I’ve worked with source control quite a bit over the years — everything from ye olde Visual Source Safe to Subversion to TFS. I even supported the Source Depot system at Microsoft as an engineer for a year back in the day!
These days I don’t use source control a ton. We keep repositories of scripts in GitHub to help manage our scripts as a team, but I don’t really use it often enough to learn the command line well.
Even so, I’ve learned the basics of branching and merging. Git can be really confusing because there’s a ton of features, but here’s an outline of how you can work with a team in an uber-simple branching scenario safely.
When I Say 101, I Mean 101
We’re talking GUI screenshots and simple concepts, here. I’m not talking about how to do source control for schema and diffs, I’m just talking about how to save all those scripts you wrote about checking for that weird thing that happens in production every third Tuesday.
1. Create a Branch
Branches are great, because they keep you safe. They give you a sandbox to work on your code where you don’t disrupt the main line of code. You can work in iterations and make multiple commits to your code, so you can do / undo incremental changes.
2. Check in Your Code (Commit to your branch)
You can make changes to multiple files. For this example, I made changes to just one file. Make sure that you’re committing to the new branch you created!
3. Create a Pull Request (to merge into another Branch)
Once all your commits are done and you’ve tested your code and you’re ready to roll, create a pull request. You’re essentially proposing your change for someone else to review and merge to a destination branch of your choice.
The big advantage to pull requests is that it makes it simple for your reviewer to see exactly the changes you’ve made and know clearly what will be impacted by merging.
Your pull request will automatically send out an email and notify other users of your repo that you’re ready for things to happen, and it’s time to review.
4. Reviewing the Pull Request (Someone else does this!)
Now it’s time for someone else to be responsible. The good news is, your pull request makes it easier for them to review your code. Here’s what it looks like in the GitHub web application:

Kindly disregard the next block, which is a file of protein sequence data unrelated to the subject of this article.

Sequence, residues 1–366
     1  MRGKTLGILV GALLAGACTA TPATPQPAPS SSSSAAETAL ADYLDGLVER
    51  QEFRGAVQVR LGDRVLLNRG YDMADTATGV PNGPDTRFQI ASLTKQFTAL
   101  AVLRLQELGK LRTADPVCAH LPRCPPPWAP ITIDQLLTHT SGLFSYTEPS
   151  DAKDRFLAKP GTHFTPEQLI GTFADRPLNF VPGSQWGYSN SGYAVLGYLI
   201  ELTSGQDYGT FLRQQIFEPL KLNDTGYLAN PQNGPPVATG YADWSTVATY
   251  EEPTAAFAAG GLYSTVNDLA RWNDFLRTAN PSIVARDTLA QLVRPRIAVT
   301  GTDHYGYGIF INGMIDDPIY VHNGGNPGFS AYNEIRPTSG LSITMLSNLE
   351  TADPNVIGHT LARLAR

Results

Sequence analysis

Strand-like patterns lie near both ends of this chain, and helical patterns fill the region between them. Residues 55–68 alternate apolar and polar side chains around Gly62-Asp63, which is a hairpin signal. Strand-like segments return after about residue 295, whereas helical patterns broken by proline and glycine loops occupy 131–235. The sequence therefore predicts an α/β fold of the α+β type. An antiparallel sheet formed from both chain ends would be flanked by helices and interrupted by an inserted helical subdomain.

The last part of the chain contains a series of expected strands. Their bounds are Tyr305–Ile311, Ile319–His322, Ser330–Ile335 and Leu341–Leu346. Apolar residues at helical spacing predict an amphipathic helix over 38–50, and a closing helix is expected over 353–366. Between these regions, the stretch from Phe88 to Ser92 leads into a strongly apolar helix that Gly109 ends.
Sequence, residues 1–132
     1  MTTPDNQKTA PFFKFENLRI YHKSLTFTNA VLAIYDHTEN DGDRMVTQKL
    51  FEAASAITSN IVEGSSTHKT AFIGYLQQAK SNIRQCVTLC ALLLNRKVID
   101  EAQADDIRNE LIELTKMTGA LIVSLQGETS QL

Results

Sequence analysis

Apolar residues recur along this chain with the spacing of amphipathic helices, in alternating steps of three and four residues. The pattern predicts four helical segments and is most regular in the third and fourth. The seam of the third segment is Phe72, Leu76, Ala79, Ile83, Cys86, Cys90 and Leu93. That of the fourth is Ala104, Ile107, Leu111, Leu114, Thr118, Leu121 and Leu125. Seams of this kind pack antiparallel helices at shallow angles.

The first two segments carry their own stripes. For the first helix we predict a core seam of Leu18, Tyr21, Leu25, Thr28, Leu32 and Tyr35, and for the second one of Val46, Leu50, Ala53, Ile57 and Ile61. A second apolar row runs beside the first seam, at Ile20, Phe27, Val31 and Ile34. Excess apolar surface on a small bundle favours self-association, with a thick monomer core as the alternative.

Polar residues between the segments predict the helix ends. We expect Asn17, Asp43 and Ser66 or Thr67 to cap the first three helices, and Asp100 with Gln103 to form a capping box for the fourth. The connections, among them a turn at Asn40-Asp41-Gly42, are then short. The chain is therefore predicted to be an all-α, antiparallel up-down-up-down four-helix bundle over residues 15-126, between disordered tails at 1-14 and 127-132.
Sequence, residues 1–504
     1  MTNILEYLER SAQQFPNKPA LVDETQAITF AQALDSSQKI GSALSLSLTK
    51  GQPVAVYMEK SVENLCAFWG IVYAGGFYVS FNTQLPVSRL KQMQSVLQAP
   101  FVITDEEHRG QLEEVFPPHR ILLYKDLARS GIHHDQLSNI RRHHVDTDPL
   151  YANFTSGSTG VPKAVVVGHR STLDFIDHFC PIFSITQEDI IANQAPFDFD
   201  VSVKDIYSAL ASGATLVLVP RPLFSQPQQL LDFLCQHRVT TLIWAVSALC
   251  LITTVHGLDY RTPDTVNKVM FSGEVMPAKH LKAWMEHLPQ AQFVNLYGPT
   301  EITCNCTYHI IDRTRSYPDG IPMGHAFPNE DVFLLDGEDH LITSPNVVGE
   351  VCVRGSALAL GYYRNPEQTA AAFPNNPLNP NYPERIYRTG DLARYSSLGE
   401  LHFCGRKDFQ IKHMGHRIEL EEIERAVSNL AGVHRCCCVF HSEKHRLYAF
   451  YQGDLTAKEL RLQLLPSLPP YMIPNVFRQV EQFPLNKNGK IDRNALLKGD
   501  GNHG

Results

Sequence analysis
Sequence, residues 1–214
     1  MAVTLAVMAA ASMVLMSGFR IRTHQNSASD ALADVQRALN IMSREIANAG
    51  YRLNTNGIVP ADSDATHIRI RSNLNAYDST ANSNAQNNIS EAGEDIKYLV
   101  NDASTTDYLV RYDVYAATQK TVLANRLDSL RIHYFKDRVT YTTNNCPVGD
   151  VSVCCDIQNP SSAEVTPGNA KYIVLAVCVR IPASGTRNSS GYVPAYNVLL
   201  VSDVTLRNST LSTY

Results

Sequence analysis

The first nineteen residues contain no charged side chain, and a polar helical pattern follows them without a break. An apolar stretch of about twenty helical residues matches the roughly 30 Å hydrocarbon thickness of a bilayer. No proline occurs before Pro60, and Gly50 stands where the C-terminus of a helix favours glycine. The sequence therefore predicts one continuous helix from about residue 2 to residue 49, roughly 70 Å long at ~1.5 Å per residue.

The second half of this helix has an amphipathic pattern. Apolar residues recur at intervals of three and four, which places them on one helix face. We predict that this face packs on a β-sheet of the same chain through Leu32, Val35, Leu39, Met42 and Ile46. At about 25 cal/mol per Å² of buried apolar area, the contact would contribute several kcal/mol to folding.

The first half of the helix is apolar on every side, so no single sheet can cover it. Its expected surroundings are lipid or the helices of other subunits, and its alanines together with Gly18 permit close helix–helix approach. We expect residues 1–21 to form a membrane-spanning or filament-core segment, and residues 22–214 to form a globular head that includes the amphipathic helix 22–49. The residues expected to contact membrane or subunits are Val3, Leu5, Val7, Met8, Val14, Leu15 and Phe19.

To get into the details, it’s super easy to click on the “Commits” tab and see all the changes. The reviewer can easy open all the files, leave comments, and even edit changes if they really wanna get up in your business. Or they can push it back to you.
5. When the Reviewer is Happy, they Confirm the Merge
This pushed the change down to the branch you targeted, nice and easy.
6. Delete the Branch
Right after merging this, it’s very easy to delete the branch and cleanup. You can also leave the branch there if you want, and there’ll be a history of what happened with the pull request. No more wondering, “what happened with this branch?”
It’s so easy, even a manager can do it
You don’t have to be sloppy and save all your scripts in a file share!
Jeremiah says: pull requests make collaborative development easier – you can bundle up related changes, comment on why you did what you did, and collaborate with your team to get the best fix in place.
Doug says: This also answers a question we get frequently: “What can I use for source control for SQL Server?” It’s not integrated with SQL Server, but it’s free and not too shabby.
Is it possible to integrate SSMS with Git ? Maybe a 3rd party add-on ?
Red Gate has a tool named Source Control that I use and it works well for us. We’re not a shop that does a lot of development but I don’t see any reason that it wouldn’t work in an environment like that.
Great post! And super easy to follow.
Quick note: there are two “Step 4″s in this article.
I keep all my SQL changes in a SSDT project in Visual Studio which I then can easily commit to git. I can then see exactly what has been changed in git and I can easily deploy to production via Visual Studio. Visual Studio also has its own built-in tools for github, not quite part of SSMS but pretty close.
Cloud TFS is also a good option to store SQL scripts. It
s free for up to 5 users.s a good practice to wrap all your upgrade scripts into a transaction and mark each with version which ideally correlates with application build.
Storing an SSDT project in cloud TFS is also good. But this approach is usually feasible for not large databases.
Kendra, would be cool if you or maybe Doug the SSIS master do a post like this for SSIS packages and a good way to manage those with GIT. We are trying, but struggle as they are not scripts and doesn’t work great there are a lot of gotchas. Curious if you all have run into this.
We don’t do a lot of SSIS development here– if you’ve found a lot of gotchas, it would be awesome if you’d blog that for people! I bet it would come in handy for others.
Hey Keith, Are you still continuing GIT for SSIS packages? Could you please let me know if it works ? And how?